Once you find the playlist or song you want, tap the plus sign (+) to select it.

Tap the plus sign (+).

Tap “Next.”

Tap "Next."

You now see the details of the automation broken into “When” and “Do” sections. As this option supports background triggers, you can toggle-On the “Ask Before Running” feature.

When you’re satisfied with the Automation, tap “Done.”

Tap "Done."

Now, when you open the Twitter app, the playlist or song you selected will play. If you didn’t enable the background trigger feature, you see a notification; tap “Run” to start the shortcut.

Tap "Run."

How to Run an Automation in the Background

You can enable most automations to work in the background. These are usually actions you control or that are a direct result of an action you perform on your iPhone or iPad.

The following types of actions support the background trigger feature (you still receive notifications about them): Alarm, Apple Watch Workouts, CarPlay, Airplane Mode, Do Not Disturb, Low Power Mode, NFC, and Open App.

If you set up Home-based automations, the following actions work in background: A Time of Day Occurs, People Arrive, People Leave, and An Accessory is Controlled. You have to enable this feature individually for every shortcut that supports it.

Select the shortcut from the Automations tab, and then toggle-On the “Ask Before Running” feature.

Tap the "Ask Before Running" toggle to enable it.

From the popup, tap “Don’t Ask.”

Tap "Don't Ask."

Now, when the shortcut is triggered, you’ll see a notification that says, “Running your automation.”

The "Running Your Automation" shortcut notification.

How to Create an NFC-Based Automation

You can use any empty NFC tag as a trigger for a shortcut. The Shortcuts app doesn’t write any data to the tag; it simply uses it as a trigger.

Newer iPhones (iPhone XS, XR, XS Max, 11, 11 Pro, 11 Pro Max, and newer) can use NFC tags to trigger actions even when the Shortcuts app isn’t in the foreground.

Open the Shortcuts app, and then go to the “Automations” tab. Tap the plus sign (+), tap “Create Personal Automation,” and then tap “NFC” in the list.

Note that if this is the first time you’ve used the Automations feature, you don’t have to tap the plus sign (+).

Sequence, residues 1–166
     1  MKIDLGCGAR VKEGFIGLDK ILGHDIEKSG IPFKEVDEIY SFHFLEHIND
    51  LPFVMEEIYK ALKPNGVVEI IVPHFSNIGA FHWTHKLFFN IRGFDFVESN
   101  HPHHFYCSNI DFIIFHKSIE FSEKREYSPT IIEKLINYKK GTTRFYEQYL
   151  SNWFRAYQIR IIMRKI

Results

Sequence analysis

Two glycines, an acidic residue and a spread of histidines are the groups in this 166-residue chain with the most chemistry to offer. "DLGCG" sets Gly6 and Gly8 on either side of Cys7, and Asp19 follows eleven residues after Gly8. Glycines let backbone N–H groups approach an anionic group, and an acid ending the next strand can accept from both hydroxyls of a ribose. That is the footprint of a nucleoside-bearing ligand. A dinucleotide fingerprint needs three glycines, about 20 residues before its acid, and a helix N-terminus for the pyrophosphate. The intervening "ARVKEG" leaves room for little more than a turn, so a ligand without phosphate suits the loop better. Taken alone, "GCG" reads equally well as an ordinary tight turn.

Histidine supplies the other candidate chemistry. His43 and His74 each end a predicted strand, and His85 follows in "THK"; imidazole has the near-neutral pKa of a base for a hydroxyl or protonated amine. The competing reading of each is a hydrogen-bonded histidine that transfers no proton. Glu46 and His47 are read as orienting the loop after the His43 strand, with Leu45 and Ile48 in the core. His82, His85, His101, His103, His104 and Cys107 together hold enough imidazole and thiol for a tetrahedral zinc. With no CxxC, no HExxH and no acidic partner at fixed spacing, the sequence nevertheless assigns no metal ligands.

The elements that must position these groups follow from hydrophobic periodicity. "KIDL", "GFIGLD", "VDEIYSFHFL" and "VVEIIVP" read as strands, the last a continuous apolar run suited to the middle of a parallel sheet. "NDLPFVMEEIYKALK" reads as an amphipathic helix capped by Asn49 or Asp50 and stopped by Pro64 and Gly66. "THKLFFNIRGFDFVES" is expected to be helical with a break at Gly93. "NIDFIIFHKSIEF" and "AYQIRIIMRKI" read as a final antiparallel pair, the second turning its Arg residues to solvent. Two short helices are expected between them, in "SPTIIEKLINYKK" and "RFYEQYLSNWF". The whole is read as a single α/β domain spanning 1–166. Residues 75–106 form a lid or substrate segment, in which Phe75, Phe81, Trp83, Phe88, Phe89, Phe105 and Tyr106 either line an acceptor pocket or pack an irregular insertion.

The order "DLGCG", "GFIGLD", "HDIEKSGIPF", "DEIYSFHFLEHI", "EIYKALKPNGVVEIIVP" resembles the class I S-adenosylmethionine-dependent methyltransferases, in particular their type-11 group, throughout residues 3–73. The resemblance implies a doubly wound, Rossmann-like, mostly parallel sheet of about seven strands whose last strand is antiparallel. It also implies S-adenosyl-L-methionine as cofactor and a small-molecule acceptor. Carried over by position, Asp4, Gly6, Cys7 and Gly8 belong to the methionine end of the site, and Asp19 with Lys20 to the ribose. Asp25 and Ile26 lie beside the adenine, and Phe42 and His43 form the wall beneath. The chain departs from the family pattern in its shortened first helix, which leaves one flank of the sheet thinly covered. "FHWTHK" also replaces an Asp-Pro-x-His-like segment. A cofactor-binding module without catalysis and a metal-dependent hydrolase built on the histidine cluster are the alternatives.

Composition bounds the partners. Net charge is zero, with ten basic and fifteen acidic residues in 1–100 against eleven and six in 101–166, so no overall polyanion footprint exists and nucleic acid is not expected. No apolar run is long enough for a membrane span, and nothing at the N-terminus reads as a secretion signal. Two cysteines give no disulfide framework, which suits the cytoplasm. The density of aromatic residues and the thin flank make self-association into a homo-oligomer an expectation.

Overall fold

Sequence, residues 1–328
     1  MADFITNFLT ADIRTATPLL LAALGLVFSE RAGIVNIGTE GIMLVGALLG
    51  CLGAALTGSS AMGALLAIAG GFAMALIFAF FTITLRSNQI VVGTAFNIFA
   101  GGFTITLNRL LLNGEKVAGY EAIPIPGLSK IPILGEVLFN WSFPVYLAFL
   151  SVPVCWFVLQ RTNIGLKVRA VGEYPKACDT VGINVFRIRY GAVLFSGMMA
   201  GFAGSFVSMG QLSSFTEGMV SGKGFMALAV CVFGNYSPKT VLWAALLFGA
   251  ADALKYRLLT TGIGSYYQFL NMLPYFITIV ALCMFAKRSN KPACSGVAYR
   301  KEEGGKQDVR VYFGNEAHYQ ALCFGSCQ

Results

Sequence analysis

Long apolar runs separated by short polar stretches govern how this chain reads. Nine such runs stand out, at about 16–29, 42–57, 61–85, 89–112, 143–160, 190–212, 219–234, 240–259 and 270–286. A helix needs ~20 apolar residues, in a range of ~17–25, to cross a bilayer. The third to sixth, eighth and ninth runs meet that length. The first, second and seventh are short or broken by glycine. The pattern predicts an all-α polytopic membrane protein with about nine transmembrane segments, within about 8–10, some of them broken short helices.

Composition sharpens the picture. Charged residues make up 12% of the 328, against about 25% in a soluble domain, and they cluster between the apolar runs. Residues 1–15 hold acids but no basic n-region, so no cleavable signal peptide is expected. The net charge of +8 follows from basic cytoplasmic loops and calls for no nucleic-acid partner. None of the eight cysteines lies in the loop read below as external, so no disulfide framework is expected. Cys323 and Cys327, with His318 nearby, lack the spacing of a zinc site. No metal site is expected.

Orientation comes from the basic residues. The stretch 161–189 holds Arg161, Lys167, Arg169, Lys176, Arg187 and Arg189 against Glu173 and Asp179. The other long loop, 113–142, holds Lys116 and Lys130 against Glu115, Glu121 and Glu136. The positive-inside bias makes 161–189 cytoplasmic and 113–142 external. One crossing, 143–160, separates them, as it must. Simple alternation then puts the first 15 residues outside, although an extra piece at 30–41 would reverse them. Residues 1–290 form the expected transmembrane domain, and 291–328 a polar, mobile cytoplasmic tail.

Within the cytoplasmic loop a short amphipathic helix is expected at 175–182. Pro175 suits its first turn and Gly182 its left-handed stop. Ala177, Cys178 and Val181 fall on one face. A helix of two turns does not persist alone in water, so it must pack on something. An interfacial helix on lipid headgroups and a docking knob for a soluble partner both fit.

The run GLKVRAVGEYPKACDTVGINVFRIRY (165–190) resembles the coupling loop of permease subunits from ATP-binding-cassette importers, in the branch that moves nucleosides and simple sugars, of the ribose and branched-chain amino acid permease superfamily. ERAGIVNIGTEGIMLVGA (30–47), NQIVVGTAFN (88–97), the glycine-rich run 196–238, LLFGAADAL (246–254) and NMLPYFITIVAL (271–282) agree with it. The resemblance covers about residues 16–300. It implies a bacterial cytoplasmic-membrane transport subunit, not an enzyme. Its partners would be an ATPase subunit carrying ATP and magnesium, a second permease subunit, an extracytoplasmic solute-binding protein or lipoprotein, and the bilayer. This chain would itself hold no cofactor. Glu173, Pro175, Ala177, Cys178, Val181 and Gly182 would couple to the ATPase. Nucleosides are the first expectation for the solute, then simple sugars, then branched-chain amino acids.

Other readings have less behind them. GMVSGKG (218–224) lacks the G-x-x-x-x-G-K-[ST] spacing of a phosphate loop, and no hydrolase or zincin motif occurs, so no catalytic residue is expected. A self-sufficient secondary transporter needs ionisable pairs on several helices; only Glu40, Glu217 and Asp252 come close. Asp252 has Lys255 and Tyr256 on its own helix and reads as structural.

Tap "NFC."

Tap “Scan” next to the “NFC Tag” option.

Tap "Scan."

Hold the NFC tag near the top of your iPhone to scan it.

The "Ready to Scan" screen on an iPhone.

After you scan it, name the NFC tag, and then tap “Done.”

Type a name for your NFC tag.

You’re returned to the “New Automation” screen; tap “Next.”

Tap "Next."

In the “Actions” screen, tap “Add Action.”

Tap "Add Action."

Here, you can browse through the suggested actions or search for one in particular. Tap an action to select it. In this example, we’ve selected a “Send Message” action.

Tap an action in the "Suggestions" list.

In the “Actions” editor, you can configure the action parameters, like the message text. When you’re finished, tap “Next.”

Customize the action, and then tap "Next."

In the “New Automation” overview screen, make sure you toggle-On “Ask Before Running.”

Tap the "Ask Before Running" toggle to enable it.

In the popup, tap “Don’t Ask” to enable an automatic background trigger feature.

Tap "Don't Ask."

Now, simply hold your iPhone close to the NFC tag or tap the top part of your iPhone on an NFC sticker to run the shortcut.

The Automations feature in Shortcuts is just one of the many new and awesome features in iOS 13. After you upgrade, you might also want to try enabling the dark mode.

RELATED: The Best New Features in iOS 13, Available Now

Khamosh Pathak Khamosh Pathak
Khamosh Pathak is a freelance technology writer who specializes in tutorials. His work has also been published on iPhoneHacks, Zapier's blog, MakeUseOf, and Guiding Tech. Khamosh has seven years of experience writing how-tos, features and technology guides on the internet.